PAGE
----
Thursday, February 11, 2016
Wednesday, February 10, 2016
This massive, towering novel – ostensibly about the assassination of Leon Trotsky in Mexico in 1940 by a disgruntled Spanish nationalist – is really about the festering and implosion of Soviet Communism over 50 years.
Three separate storylines cover the 50 years, back and forth, across three continents – a failed Cuban writer who meets a strange ailing man on the beach in Cuba in the late 1990s, the Spanish Communist, Ramon Cortazer, who mortally wounded Trotsky with an ice hatchet, and Trotsky himself, the intellectual original Politburo member who fell out with Stalin in 1925 and was exiled from Russia.
The style – a length, discursive, need I say dialectical style – can be bruising. Apparently the translator took pains to make it sound like the original Cuban vernacular in which it was written, so dialogue in particular sometimes features some whacked-out syntax decisions. Long, long compound and complex sentences.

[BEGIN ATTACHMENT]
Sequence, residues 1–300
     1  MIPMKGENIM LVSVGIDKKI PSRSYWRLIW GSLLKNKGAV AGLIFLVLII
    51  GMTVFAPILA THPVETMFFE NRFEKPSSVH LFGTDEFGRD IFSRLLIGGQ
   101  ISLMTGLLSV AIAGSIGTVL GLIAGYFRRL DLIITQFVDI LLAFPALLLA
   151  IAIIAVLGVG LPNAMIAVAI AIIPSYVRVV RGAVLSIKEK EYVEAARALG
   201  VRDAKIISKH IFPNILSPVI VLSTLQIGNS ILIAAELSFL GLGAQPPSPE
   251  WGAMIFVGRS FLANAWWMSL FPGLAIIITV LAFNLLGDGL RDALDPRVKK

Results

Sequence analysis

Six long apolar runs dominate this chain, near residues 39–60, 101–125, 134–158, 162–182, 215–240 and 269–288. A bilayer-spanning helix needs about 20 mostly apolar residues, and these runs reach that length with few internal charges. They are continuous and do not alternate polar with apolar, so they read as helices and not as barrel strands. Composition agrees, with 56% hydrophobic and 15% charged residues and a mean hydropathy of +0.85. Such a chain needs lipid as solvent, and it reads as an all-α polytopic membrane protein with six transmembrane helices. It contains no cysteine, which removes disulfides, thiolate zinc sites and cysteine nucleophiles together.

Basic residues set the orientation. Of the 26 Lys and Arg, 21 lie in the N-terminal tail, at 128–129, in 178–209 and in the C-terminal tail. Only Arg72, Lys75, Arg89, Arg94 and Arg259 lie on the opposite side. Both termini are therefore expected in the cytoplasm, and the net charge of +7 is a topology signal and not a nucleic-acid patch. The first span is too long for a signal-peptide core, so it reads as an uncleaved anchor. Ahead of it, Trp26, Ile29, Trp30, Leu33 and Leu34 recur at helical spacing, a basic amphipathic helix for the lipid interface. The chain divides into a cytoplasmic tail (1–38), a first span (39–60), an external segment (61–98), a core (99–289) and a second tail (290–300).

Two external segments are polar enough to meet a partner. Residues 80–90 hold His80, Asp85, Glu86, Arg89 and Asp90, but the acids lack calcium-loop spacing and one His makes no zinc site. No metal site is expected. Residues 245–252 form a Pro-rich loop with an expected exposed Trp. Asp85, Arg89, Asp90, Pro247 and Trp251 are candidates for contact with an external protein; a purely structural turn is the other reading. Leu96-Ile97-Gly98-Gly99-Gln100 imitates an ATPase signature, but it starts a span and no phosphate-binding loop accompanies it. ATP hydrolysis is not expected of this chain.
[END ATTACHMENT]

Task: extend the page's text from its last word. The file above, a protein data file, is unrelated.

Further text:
To me it was an enormously educational book (assuming it’s factual) on the evolution of Soviet Communism, Trotsky’s role in digressing from Stalin’s party-line model (which argued for a Soviet-only communist system) and tacking back to Marx’s original model which called for an international worker’s revolution.
Wednesday, February 03, 2016
Beautiful color illustrations, text is a little baffling, in that Saunders way. Not really enough room for him to make his usual dramatic satirical argument. Suppose it's an allegory about climate change, or political interdependence. Un clear.
Buy the books on Amazon, and watch videos of some readings. Please.
My son and I saw THE HIDDEN FORTRESS at AFI Silver yesterday afternoon, what a masterpiece! The 21-year old Misa Uehara as the Princess was ...
SOMETIMES YOU HAVE TO LIE: The Life and Times of Louise Fitzhugh, Renegade Author of Harriet the Spy By Leslie BrodyInteresting if thin biography of Fitzhugh. There was an earlier one from 1991 by Virginia Wolf that is apparently more scholarly. This one...
Really like this unusual book. I don't know if it's "the most important book of the last ten years," as Edmund White blu...